Incomplete Spinal Cord Injuries: Types and Effects

graphic image of spinal cordBecause of its vital role in the functioning of the body, when the spinal cord becomes damaged or injured, the results can be significant. However, not all spinal cord injuries result in complete paralysis as there are various types of spinal cord injuries. In this article, we will discover more about partial or incomplete spinal cord injuries. We will discuss the various categories of these injuries along with the effects that a person may sustain as a result of an incomplete spinal cord injury.

Understanding the Spinal Cord

The spinal column is composed of three main parts—the cord itself (made up of a column of nerves that run down the length of the back), the bones that protect the spinal cord, and the discs that act as cushions between the vertebrae. The location on the spine where the damage has occurred is what helps classify the injury as complete or incomplete. In a complete spinal cord injury, a person loses all function and sensation below the injured point. However, for an injury to be considered incomplete, not all functionality or sensation is lost.

What Is an Incomplete Spinal Cord Injury?

There are three ways that an incomplete spinal cord injury may present itself, depending on where on the spine the damage occurred:

  • There is loss of movement below the point of injury, but the person is still able to have feeling.
  • There is loss of sensation below the point of injury, but the person is still able to have motor function.
  • The injury and loss of feeling/function falls somewhere in between the aforementioned scenarios.

An incomplete spinal cord injury is classified depending on a person’s reactions to various assessments, including a pin-prick test and a motor function test on different parts of the body. Based on a person’s reaction to these tests, the injury is categorized into an A, B, C, D, or E level (with the A level being a complete spinal cord injury down to E being considered “normal”). The B-D levels are diagnosed as incomplete spinal cord injuries.

Types and Effects of Incomplete Spinal Cord Injuries

The location on the spine where damage has occurred influences what type of spinal cord injury a person is diagnosed with. Although Central Cord Syndrome is the most common, there are several other reasons a person may be diagnosed with an incomplete spinal cord injury, such as:

  • Central Cord Syndrome. This is the most commonly experienced form of incomplete spinal cord injury, which occurs when a person has damage to the main nerve that runs from the brain down through the spinal cord. Loss of arm and hand functionality is typical. Additionally, a loss of bladder control may occur as well as stinging or burning sensations. There are various treatments to consider, based on the severity of the damage. Although there is no cure, the National Institute of Neurological Disorders and Stroke (NINDS) reports that, especially for younger patients, those who have been treated soon after the damage occurred may regain neurological recovery and some functionality.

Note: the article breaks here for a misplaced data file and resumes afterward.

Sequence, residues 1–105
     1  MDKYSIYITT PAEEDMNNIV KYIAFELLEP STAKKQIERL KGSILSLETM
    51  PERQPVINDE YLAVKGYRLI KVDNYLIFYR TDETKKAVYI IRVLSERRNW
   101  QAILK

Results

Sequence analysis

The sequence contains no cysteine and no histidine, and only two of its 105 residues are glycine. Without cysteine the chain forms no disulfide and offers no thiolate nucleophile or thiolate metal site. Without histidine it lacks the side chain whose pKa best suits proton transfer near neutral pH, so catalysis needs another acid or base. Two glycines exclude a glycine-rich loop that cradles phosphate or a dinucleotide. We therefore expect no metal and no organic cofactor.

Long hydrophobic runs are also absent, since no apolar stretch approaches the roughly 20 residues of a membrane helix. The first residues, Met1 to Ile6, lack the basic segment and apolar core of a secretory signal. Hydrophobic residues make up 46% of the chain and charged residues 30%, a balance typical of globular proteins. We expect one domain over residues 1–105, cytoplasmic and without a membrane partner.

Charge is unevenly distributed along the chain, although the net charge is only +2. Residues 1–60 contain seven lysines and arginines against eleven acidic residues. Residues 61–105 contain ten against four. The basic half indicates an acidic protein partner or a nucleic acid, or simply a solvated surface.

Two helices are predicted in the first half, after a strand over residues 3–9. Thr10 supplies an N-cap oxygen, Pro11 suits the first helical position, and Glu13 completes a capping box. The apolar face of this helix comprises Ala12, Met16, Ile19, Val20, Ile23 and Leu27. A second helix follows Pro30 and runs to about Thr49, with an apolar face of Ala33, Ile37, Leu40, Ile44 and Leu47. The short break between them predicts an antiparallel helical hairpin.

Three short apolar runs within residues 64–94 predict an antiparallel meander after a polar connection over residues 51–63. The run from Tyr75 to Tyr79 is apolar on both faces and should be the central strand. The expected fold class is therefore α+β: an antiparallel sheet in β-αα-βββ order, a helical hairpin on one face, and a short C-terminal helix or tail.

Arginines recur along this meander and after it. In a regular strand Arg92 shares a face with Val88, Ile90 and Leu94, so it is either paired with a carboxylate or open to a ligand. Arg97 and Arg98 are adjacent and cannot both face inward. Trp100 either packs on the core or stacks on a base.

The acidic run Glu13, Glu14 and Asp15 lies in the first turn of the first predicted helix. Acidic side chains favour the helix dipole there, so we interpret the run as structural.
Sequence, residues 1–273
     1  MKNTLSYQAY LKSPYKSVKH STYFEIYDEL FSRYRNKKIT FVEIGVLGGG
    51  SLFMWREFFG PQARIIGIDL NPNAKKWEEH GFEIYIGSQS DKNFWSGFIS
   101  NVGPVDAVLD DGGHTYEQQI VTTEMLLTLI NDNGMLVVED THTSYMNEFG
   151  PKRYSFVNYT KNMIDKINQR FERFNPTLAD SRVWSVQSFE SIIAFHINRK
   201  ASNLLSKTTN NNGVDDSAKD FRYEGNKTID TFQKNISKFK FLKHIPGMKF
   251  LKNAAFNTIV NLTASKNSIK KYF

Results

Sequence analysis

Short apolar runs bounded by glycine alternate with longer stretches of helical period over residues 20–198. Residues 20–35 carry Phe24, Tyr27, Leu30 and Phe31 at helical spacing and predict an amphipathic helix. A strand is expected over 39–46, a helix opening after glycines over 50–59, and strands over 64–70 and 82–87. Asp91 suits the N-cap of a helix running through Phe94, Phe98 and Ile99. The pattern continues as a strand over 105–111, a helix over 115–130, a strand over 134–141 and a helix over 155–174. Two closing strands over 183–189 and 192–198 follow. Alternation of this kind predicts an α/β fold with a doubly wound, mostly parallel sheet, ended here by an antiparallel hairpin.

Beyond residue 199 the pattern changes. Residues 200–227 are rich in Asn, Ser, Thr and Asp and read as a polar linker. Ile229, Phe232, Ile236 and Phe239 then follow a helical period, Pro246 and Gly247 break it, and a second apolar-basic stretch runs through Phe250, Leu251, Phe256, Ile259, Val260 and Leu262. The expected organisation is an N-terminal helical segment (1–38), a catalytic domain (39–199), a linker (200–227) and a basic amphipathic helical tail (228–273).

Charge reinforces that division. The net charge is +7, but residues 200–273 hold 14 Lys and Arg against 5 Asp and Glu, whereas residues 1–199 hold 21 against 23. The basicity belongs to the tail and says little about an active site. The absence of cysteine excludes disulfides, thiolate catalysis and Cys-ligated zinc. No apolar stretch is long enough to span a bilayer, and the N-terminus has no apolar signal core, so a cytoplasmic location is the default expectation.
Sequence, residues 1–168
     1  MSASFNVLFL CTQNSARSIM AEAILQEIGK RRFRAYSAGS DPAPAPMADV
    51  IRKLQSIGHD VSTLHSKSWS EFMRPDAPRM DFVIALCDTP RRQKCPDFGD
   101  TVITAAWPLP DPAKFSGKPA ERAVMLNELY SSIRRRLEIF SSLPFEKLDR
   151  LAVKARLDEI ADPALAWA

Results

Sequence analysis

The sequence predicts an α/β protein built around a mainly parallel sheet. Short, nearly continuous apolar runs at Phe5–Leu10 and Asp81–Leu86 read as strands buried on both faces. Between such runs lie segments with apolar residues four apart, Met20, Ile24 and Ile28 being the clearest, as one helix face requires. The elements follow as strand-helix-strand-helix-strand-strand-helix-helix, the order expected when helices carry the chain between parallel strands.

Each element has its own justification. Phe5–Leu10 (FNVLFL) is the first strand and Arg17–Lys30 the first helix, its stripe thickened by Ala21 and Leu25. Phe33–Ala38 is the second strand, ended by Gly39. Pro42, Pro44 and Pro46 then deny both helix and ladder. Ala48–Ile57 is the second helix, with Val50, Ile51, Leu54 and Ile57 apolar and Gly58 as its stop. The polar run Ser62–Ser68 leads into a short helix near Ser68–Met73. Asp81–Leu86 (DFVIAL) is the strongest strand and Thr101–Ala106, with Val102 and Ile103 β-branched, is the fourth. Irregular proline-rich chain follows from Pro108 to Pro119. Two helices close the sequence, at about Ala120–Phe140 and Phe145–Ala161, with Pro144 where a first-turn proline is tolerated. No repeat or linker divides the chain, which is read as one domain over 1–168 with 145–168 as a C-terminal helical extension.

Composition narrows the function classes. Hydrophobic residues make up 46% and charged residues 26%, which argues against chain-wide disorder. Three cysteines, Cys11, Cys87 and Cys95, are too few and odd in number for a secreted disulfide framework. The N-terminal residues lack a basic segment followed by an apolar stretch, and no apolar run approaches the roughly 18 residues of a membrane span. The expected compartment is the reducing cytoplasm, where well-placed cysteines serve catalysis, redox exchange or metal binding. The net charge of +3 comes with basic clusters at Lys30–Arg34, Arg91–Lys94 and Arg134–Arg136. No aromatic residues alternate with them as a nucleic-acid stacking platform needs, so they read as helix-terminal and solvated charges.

• Anterior Cord Syndrome. This occurs when the artery that is located on the front part of the spinal cord has been damaged, causing a lack of blood flow. This typically results in a loss of muscle function below the damaged area. A person with this type of injury usually experiences the inability to feel temperature differences or pain, although he may still retain his sense of touch and the ability to know what positions his joints are in. According to the spinal cord injury peer support group Apparalyzed, once this type of damage has occurred, it is permanent. Only between 10-15% of those who have sustained this type of injury regain some functionality.
  • Posterior Cord Syndrome. When the damage occurs at the back of the spine, a person will lack the coordination of his limbs. However, a person with this type of injury has a high likelihood of retaining the sensations of temperature and pain, as well as muscle strength. The possibility of experiencing posterior cord syndrome is rare.
  • Brown-Séquard Syndrome. This is caused by a lesion on the back side of the spinal cord. The effects are loss of sensation on one side of the body and loss of movement on the opposite side. This uncommon condition can be caused by illness, a tumor, blockage of a blood vessel, or direct damage from an injury. NINDS indicates that most treatments focus on the cause of this condition rather than its symptoms, although steroids are often beneficial in dealing with the symptoms.
  • Cauda Equine Syndrome. This rare condition may develop as a result of a wound on the spinal cord; however, it may also develop due to compression of the nerves by a herniated disc or an infection, such as a spinal epidural abscess. For those with Cauda Equine Syndrome, their nerves at the bottom of the spine swell, causing the spine to transform into the shape of a horse’s tail.  Although uncommon, this is a serious condition that requires immediate medical intervention or permanent paralysis can occur, as well as loss of bladder/bowel control and other impairments.

If you or a loved one has been diagnosed with any of these injuries or involved in an accident that may be the source of an incomplete spinal cord injury, you will likely need financial reparations to cover your out-of-pocket costs and loss of wages. You can also be compensated for your mental, emotional, and physical damages. We would like to help you make the maximum possible recovery. Please call our law office for a free consultation at (703) 591-0067 or fill out a short form on our Contact Us page, and we will connect with you soon.